ELLEN JACKSON: That night, the first day of school, the end of the day, changed the whole atmosphere, the whole feeling about how we were going to have to pursue and progress and, and move on, ah, from that point on. What we had hoped would be a peaceful transition into desegregation, ah, of Boston Public Schools was in a sense dashed, ah, by the happenings of that afternoon and we realized then that we had our work cut out for us.


JACKIE SHEARER: Good, OK, now let me ask you about the meeting on October 11th, ah, that Kevin White called at City Hall, that Erwin Canham moderated between five Board people and five Black people. And remember what Pixie said about the Haitian guy, and what she said to, ah, Mrs. Cass.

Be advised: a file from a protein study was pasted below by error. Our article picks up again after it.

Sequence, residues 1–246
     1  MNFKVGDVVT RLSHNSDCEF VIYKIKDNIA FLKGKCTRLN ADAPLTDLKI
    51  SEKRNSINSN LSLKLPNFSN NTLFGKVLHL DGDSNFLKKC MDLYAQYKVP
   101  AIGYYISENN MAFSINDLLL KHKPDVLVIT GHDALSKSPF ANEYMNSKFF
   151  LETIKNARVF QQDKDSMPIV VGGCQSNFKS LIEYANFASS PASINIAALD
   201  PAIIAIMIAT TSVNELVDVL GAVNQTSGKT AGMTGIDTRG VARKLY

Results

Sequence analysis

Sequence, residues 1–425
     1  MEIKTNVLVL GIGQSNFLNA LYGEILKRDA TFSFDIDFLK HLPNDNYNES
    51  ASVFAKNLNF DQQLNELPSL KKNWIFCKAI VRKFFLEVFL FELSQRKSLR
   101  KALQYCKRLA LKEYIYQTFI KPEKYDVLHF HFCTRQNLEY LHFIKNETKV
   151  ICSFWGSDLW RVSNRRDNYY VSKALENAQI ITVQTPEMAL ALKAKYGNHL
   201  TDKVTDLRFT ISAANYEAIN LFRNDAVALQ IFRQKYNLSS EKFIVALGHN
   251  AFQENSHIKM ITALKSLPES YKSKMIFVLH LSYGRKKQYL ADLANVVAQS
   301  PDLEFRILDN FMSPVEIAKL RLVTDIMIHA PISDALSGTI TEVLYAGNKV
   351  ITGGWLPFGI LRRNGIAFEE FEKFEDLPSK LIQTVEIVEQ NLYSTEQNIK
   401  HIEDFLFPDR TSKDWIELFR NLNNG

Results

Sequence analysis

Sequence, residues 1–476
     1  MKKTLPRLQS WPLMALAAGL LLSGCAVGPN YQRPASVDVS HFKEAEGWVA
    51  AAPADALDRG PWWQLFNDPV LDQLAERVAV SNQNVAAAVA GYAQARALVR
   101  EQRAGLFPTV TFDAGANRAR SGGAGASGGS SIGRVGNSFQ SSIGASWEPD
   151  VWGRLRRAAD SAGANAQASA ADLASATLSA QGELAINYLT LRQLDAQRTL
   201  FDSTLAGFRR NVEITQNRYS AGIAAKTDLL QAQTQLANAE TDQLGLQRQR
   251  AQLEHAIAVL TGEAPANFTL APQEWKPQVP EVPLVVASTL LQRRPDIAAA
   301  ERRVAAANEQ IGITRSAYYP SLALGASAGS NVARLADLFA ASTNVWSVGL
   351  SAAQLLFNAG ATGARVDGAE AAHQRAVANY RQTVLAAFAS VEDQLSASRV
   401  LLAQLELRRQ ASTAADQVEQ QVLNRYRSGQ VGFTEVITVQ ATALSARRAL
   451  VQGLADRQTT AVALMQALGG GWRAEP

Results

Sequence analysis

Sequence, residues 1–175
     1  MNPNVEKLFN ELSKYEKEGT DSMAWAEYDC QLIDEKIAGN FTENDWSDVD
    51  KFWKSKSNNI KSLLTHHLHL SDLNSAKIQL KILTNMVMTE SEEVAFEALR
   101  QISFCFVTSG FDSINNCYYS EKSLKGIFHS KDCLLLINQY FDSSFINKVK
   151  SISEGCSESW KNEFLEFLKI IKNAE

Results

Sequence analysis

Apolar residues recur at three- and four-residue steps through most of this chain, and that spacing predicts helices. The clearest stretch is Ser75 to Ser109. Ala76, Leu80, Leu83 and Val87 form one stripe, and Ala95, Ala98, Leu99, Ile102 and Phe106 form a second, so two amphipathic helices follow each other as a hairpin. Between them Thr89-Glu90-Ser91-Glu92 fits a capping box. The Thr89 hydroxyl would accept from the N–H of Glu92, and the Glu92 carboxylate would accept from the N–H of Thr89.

ELLEN JACKSON: We received, several of us received, including Dr. Haynes, Michael Haynes, of Twelfth Baptist Church, and Mrs. Cass, Pat Jones, and myself, ah, and Sandy Young. You see these very, very mysterious calls. I couldn't imagine what was going to come, ah, out of this conversation. But I had to make sure that I was by myself when I talked to this young man. And no one else was in, within ear shot of our telephone conversation. And then he shared with me, ah, the invitation extended by the Mayor Kevin White to attend the luncheon at City Hall, where we would hopefully, ah, come together with five people from South Boston, ah, to talk about our concern and to make a joint statement around violence that, while we may differ about integration, desegregation, and even this strategy to effect that, we were all against violence. And I thought that was a lofty goal. I thought it was an important statement because I truly believed that that was important and still do. Ah, so I accepted the invitation to join with other friends ah in the Black community to attend this, this luncheon. When we got there there was a little bit of conversation going on before we sat down, before Kevin White and Erwin Canham from the Christian Science Monitor came and, and we were certainly, ah, standing with our folks so to speak. I mean no, there was no collegiality, if you will, in that room at that point. Ah, and he had his own staff, Kevin had his own staff. People were trying to make us feel comfortable. Finally we were asked to be seated in two round tables. Ah, and we did and we were, ah, integrated so to speak in terms of the seating arrangement. And Kevin again stated what the objective of the meeting was. And hopefully that we would be prepared at the end of the meeting to sign the statement which would be released to the press that we join together if in, nothing else but to ask for peace in the city and to condemn the violence. Ah, that was fine but there was some concerns. And first of all the first concern from, from most of the Black attendees was the fact that we had not had any disruption in our community. We had taken care even after the very first day of school, what happened, there was no reaction to that. There was no bother, no one bothered the youngsters when they came in the next day to Roxbury and to Dor--North Dorchester. Ah, there was no rock throwing and no bother of those students getting on or off those busses. So in a sense we had to clear the air that both communities were participating in some kind of violent act. Because we were not. And after we articulated that concern, and so in our minds, cleared the record, or got the record cleared, we then started talking about the responsibility of those people in the room. Did they best represent the feelings of the people in their communities? We felt clearly that we did. Because we had enough meetings that went on within our community and we were sent forth with a message most of the time. You know what happens to the messenger. But anyway, we were sent forth with the message. Pixie Palladino began to talk about, ah, I think maybe Dr. Haynes started talking about the, the terrible violence with the young Haitian man and how it was just unprovoked and it was unfair that we could not walk in various parts of, ah, the city without being harmed. That every day we saw bill collectors. We saw postmen, we saw all kinds of business people walk in and out of the Black community. And in most instances, ah, if there was a lot of crime, or violence, it was Black on Black. It was not that they were being attacked during this very volatile time and period of desegregation. However, this young man, certainly from another country, not knowing in a sense what was going on, what all this commotion was about, going about his work to be attacked in the vicious way that he was attacked was not in the spirit that we thought we could enter an agreement with or even to make a statement about until we had admitted, or they had admitted that they would take some control, or take some responsibility if you will, for the kinds of actions that seemingly were coming from their part of the, of the town. Well Pixie decided that since he didn't understand English and he didn't know where he was going, and he had no business over there, that he got just what he deserved. That was a little hard for a lot of us to take. It was very hard for a lot of us to take. And we sort of dialogued back and forth and disagreed about that feeling and equal access on the streets. Or access to the streets. Ah, to walk and to work and to move around freely in the city of Boston where we all pay taxes by the way. And, and we make that very clear. Ah, then she said, "Well it's like name calling. And, ah, you know, you just sometime have to understand some people are different than others. You know, Ellen, you know, ah, it's like, you know someone call you a nigger. You, you know, we've been, we've known each other, we dealt with each other in the State Department of Education. You know I don't have any problems with you but some of those niggers, you know just get on my nerves." Well Mrs. Cass then said well you know, in her very calm and soothing voice, and very, very, ah, positive way said, "You know my dear, this is a problem for us. You think that you can call, sit here and ask us to join in a statement of peace when in fact you have no respect for us and have shown by the way you talk about us, how you describe us." And she said, in a way in moving her hand, you know like, "Shut up old lady." You know she didn't use exactly that word, but, "You're out of touch. You don't know what's going. This is the new wave. You know and furthermore I'm not talking to you. Furthermore I'm not really talking to you," is what she said. "I'm talking to Ellen." And when she said that, I just, I don't know what happened. I just jumped up. I felt like my ears were going to pop. And I said, "There's no way that I can sit here." And I turned to Kevin White. And I said, "I am not going to be party to this. First of all, if this woman can not respect a senior citizen and a matriarch of our community, a leader of the Black community, not just here in Boston but nationwide. She cannot have respect for our babies and that's what we're all about. I can not, in good consciousness sit here and have her disrespect Mrs. Cass. Because when she does that she, truly, is disrespecting me. She's disrespecting other Black people and she's certainly disrespecting those children. I'm not going to be party to any, any joint venture to sign a statement." And I got up and I walked out the room. She was calling, "Oh Ellen, come back, come back." And, ah, Mike Haynes got up and Pat Jones got up. And Mrs. Cass, the lady she was, she sat for a minute. And we got up and Ira Jackson who was then on Kevin White's staff, asked us if we would step into the side room for moment because there was a lot of press outside. And I really wasn't in the mood for even talking to them. It wasn't about getting press for this, ink as you call it. It was about a feeling that this was just not going to work and we had to take a stand. And we had to demonstrate that by saying, "We're not going to have you disrespect the young children. And you're not certainly going to disrespect the seniors in our community." Ah, so no statement was forthcoming and the meeting ended abruptly. The mayor tried to, you know, get us back into the room. And I said, "No I'm not going back into that room. I will never," you know you talk about never, but that's one time I meant never sit "in the room with this woman again." I had had my previous experiences, as I said earlier with her, so this was, you know, typical of her and I just felt that she was just vicious. And the venom that came out of her and the hatred. And it was in her face. And she thought, actually you know when I think about it now, she, it was funny to her. This was not serious. It was like, you know, let me see how far I can irk them. How far can I take this because I, I know I can get away with this. It was almost like a joke to her. And that, that was very sad. And truly very frightening.